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ACL Tear

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by

Alexa Williams

on 28 March 2013

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Transcript of ACL Tear

Alexa Williams, Faunte Thompson, Miranda Ellis General Information Cause/Risk Factors/ How it Happens Signs & Symptoms Genu Valgum aslo known as knock knee is a deformity. ACL Tear Ligament- band of tissue that connects 2 or more bones Connects femur to tibia Gives Rotational Stability Most commonly injured ligament Genu valgum-also known as knock knee, knees angle in and touch each other Genu valgus-adduction-internal rotation mechanism of ACL injury 70% of Injury occurs through non contact Associated with deceleration, pivoting, cutting, side step, awkward landing Patients experience pain and swelling, unstable Femur and tibia become unconnected when the ACL tears Loss of motion, discomfort, increased forward movement of tibia in relation to femur, mushy endpoint, pop 3 grades of sprains (tears) 50% occur in combination with damage to meniscus, articular cartilage, and other ligaments Occurs in females more than males About 200,000 ACL injuries annually, and half are reconstructed When children are born with this, they go through exercise and stretches to try and get the knee to remain in a stable upright position. If you are born with Genu Valgum you are more likely to tear your ACL during sport. Once you have torn your
ACL symptoms can be:
•Pain
•Swelling
•Limited movement
•Unstable or buckling knee Treatment When tearing
your ACL you
do not always need surgery,
but most of
the time you
do. This is
the inner
muscle of
you knee
known
as your
ACL, and
in this
picture
it is torn. Directly after you tear your ACL you should:
*apply ice
*take a pain killer
*apply bandage
*elevate
Do this until you can see a Doctor. If you have an avulsion fracture you will need surgery in which they reconstruct the entire knee. Reattaching the bone fragment as well. Once you have your surgery you will go through therapy to regain the strength and ability to perform back to your knee. Prevention & Risk Reduction performing training drills that require balance, power and agility such as jumping, and balance drills helps improve neuromuscular conditioning and muscular reactions and ultimately shows a decrease in the risk Phases of the ACL Injury Prevention Program should be performed at least 2-3 times per week during the season and includes:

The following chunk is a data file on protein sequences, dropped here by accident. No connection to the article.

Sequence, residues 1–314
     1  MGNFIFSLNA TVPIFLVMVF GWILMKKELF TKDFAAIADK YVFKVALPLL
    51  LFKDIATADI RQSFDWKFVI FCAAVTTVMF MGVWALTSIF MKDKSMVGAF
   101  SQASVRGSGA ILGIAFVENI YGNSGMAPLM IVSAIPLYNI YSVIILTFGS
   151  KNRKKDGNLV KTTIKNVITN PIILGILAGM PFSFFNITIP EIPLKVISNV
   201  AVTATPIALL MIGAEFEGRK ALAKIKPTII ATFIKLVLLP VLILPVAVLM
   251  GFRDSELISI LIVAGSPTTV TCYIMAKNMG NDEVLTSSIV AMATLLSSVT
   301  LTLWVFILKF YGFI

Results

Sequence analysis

Warm Up
Stretching
Strengthening
Plyometrics
Agility Drills
Cool Down Female athletes who participate in cutting and jumping sports are 5 times more likely to suffer a knee injury than a male athlete. Videos on exercises -http://www.strengthcoach.com/public/1641.cfm Long-term There are few long term prospective studies but a number of retrospective studies with follow-up times between 5 and 20 years have been published. These studies show that radiographic gonarthrosis is significantly increased after all knee injuries compared with the uninjured joint of the same patient Isolated meniscus rupture and subsequent repair, or partial or total ruptures of the ACL without major concomitant injuries, seem to increase the risk 10-fold people with an ACL tear sustain damage to the surrounding cartilage that worsens over time. MRI to show that reconstructing the anterior cruciate ligament (ACL) after an ACL tear protects patients from developing osteoarthritis. Lateral view of the knee using T2 mapping demonstrates abnormal cartilage in the central area of the tibia (shin bone), as well as in the area not involved in the initial "bone bruise". Dr. Potter, Chase and Stephanie Coleman Chair in MRI Research, said, “There is an increased rate of progressive cartilage damage in other areas of the leg that were unaffected by the initial impaction injury. ACL reconstruction can slow down this damage.” THE END .....



ANY QUESTIONS During the surgery your doctor will do a graft, depending on your type of tear will choose the type of graft you recieve.
-autograft
-allograft
-cadaver graft Autograft: Central one-third patellar tendon, quadrupled hamstring tendon, and quadriceps tendon. (with or without bone block) Allograft tissue: patellar tendon and the Achilles tendon.(bone blocks) Soft tissue: semitendinosus, tibialis anterior/posterior, peroneus longus, and iliotibial band. Cadaver Graft: From a dead body. This graft is not typically used on younger people because it is more likely for failure. Getting a graft is serious surgery but also can increase recovery time by a lot. Over the age of 40 you should get a cadaver graft, you will recover much faster. Recovery Time:
1-4 weeks on crutches
2-4 months full recovery ( full running, lower body workouts) Athletes participating in sports such as football, basketball, soccer, tennis, and rugby are at risk for ACL injuries most commonly.
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